In other applications we might have

  • tied ranks
  • incomplete rankings
    • sub-rankings: only some items ranked each time
    • top-n: only the top \(n\) items are ranked

PlackettLuce implements a generalized model which handles ties and sub-rankings.

Generalized Model

Now consider a ranking of sets \(C_1 \succ C_2 \succ \ldots \succ C_J\).

The generalized model with ties up to order \(D\) is

\[ \prod_{j = 1}^J \frac{f(C_j)}{ \sum_{k = 1}^{\min(D_j, D)} \sum_{S \in {A_j \choose k}} f(S)} \]

where

\[f(S) = \delta_{|S|} \left(\prod_{i \in S} \alpha_i \right)^\frac{1}{|S|}\]

Ranking Networks

In some cases, the underlying network of wins and losses means the worth cannot be estimated by maximum likelihood.

Network in which one item always loses

Network with two separate groups of items, that are only observed to win or lose against other items in their group

Pseudo-rankings

PlackettLuce connects the network by adding npseudo pseudo-rankings with a ghost item.

  • The MLE is always estimable
  • Can be viewed as a Bayesian prior
  • Default nspeudo = 0.5

Network with pseudo-rankings, in which each item wins and loses against ghost item

Heterogeneity

The worth of items may vary with the ranking conditions, e.g. judge making the ranking.

PlackettLuce works with partykit to fit Plackett-Luce trees

  1. Fit Plackett-Luce to all the data.
  2. Test stability of worth parameters w.r.t. each covariate.
  3. If significant instability, split data by relevant covariate.
  4. Repeat 1-3 until no significant instability/split makes sub-group too small.

Example 2: Beans

A citizen science trial of bean varieties in Nicaragua:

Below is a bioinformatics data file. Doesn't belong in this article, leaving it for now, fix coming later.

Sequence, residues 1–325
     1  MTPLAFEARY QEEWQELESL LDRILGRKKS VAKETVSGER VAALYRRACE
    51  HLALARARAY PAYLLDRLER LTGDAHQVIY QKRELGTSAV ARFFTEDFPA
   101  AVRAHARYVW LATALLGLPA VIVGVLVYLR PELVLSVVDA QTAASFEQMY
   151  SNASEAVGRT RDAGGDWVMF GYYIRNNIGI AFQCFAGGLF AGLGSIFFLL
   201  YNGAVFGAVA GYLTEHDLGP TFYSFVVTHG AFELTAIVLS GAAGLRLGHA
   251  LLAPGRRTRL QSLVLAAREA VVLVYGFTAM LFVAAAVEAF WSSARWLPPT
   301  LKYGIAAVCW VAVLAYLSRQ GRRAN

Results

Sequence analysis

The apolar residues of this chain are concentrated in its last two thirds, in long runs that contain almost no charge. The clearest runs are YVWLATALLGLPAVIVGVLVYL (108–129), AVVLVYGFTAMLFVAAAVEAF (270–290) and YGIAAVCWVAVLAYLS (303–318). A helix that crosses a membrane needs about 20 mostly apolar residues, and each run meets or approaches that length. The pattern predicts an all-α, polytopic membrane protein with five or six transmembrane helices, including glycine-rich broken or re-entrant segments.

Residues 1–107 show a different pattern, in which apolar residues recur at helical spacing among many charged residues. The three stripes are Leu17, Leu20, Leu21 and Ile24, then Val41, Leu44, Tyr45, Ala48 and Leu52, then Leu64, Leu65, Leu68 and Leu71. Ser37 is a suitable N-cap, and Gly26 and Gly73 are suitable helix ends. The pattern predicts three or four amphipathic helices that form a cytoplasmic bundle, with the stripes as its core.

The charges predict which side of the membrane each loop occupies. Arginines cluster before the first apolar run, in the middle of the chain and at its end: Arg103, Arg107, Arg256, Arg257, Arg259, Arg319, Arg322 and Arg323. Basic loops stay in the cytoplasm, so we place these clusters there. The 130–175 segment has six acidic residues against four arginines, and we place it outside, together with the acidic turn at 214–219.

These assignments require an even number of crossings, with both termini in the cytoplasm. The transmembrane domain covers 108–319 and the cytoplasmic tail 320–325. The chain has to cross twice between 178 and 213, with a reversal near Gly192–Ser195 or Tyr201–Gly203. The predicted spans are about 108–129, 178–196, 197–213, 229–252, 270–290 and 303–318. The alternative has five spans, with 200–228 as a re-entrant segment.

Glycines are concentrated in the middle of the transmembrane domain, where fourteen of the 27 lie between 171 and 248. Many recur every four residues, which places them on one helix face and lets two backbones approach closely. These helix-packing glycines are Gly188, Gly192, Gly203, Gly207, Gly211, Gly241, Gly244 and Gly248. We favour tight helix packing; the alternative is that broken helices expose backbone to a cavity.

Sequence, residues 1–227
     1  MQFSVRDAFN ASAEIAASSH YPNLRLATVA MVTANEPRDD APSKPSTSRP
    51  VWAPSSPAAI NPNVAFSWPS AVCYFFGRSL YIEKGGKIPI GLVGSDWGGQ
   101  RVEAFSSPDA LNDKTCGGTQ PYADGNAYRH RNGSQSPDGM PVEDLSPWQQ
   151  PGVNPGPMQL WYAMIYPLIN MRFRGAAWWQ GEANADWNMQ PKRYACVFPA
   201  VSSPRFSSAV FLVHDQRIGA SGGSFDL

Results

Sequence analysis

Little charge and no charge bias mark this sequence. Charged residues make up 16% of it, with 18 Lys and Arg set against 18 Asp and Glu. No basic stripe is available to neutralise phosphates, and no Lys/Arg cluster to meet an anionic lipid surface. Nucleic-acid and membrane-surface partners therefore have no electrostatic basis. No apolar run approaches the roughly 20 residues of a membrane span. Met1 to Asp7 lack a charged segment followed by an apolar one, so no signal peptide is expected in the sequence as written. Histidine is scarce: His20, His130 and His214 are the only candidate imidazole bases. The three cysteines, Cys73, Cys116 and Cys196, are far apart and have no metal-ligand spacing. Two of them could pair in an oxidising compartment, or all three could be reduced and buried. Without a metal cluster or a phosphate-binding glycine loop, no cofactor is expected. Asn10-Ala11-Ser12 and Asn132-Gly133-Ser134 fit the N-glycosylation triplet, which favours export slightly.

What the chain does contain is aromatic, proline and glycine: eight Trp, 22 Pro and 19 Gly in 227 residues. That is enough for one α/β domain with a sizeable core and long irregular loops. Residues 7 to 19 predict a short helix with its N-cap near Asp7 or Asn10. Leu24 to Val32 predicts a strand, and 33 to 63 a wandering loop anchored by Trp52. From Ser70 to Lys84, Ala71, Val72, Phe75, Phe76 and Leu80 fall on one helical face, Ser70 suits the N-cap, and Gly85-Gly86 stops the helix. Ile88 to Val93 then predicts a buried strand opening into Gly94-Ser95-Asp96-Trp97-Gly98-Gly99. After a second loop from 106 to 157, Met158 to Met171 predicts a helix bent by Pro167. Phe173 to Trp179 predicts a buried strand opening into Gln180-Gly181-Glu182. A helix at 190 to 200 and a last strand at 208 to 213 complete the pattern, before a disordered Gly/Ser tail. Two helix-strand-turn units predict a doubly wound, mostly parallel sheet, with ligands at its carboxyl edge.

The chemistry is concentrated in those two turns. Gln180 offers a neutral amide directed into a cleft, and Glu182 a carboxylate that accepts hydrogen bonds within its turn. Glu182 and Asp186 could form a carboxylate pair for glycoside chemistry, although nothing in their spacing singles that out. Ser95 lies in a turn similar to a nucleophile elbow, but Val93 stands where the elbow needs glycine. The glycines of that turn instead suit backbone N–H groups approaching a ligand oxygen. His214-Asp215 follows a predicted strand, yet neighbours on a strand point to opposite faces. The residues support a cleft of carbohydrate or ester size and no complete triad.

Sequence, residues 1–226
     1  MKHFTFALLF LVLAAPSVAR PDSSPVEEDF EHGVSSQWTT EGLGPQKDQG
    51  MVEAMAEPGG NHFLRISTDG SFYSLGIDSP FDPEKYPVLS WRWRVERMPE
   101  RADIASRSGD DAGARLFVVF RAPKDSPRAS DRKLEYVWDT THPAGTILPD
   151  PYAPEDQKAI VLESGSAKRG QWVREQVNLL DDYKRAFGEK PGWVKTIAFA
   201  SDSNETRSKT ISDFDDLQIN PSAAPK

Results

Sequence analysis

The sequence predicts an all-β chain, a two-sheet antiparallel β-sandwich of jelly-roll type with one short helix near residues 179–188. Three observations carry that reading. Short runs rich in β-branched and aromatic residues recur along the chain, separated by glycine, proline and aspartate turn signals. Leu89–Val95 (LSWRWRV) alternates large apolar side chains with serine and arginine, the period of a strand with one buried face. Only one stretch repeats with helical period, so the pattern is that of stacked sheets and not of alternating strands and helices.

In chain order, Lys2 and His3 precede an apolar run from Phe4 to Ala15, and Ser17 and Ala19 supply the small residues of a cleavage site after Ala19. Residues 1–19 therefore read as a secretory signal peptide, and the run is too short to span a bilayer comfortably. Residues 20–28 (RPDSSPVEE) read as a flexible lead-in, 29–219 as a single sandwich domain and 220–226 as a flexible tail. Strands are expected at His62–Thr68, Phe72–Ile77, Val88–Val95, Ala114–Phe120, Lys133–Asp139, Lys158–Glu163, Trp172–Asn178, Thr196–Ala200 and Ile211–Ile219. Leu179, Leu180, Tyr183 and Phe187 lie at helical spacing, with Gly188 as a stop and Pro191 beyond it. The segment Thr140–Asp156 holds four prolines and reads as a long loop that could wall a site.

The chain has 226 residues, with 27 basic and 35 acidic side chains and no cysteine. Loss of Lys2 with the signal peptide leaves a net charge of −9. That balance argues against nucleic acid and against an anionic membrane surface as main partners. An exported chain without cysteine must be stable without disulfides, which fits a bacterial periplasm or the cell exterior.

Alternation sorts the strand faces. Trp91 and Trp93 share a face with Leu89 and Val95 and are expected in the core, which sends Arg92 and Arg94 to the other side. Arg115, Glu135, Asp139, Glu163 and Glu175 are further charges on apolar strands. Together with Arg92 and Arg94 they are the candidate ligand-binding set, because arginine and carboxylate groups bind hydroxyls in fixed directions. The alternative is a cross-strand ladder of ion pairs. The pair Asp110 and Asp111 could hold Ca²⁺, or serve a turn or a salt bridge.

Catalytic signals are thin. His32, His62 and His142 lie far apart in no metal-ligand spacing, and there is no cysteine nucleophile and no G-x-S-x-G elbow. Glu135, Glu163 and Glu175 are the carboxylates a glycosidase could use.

• 11 bean varieties
  • Each farmer grew 3 varieties
    • Asked which was best and which was worst
    • Asked to compare each to variety to local variety
  • Covariates on growing conditions, including
    • Growing season (Primera, Postrera, Apante)
    • Year
    • Maximum night-time temperature

Example 2: Beans

The example on ?beans tidies the original data

example("beans", package = "PlackettLuce", echo = FALSE)

The original beans data frame has 842 rows: one per farm.

The 3-way and 2-way rankings are collated in a rankings object

R[1,]
# [1] "PM2 Don Rey > SJC 730-79 > BRT 103-182"
R[3368,]
# [1] "Local > SJC 730-79"

Plackett-Luce Tree

The rankings are grouped by farm

G <- grouped_rankings(R, rep(1:nrow(beans), 4))
format(head(G, 2), width = 50)
#                                                                   1 
#  "PM2 Don Rey > SJC 730-79 > BRT 103-182, Local > BRT 103-182, ..." 
#                                                                   2 
# "INTA Centro Sur > INTA Sequia > INTA Rojo, Local > INTA Rojo, ..."

Use pltree with max depth 3 and \(\ge\) 5% records in each group

beans$year <- factor(beans$year)
tree <- pltree(G ~ ., data = beans[c("season", "year", "maxTN")],
minsize = 0.05*n, maxdepth = 3)

Plotting Tree

Item worth estimates within each node of the Plackett-Luce tree.

Summary

Future work

  • Incorporating spatial effects
  • Incorporating genotype information

More details

  • PlackettLuce is on CRAN and GitHub
  • Full details of the methods and further examples in the vignette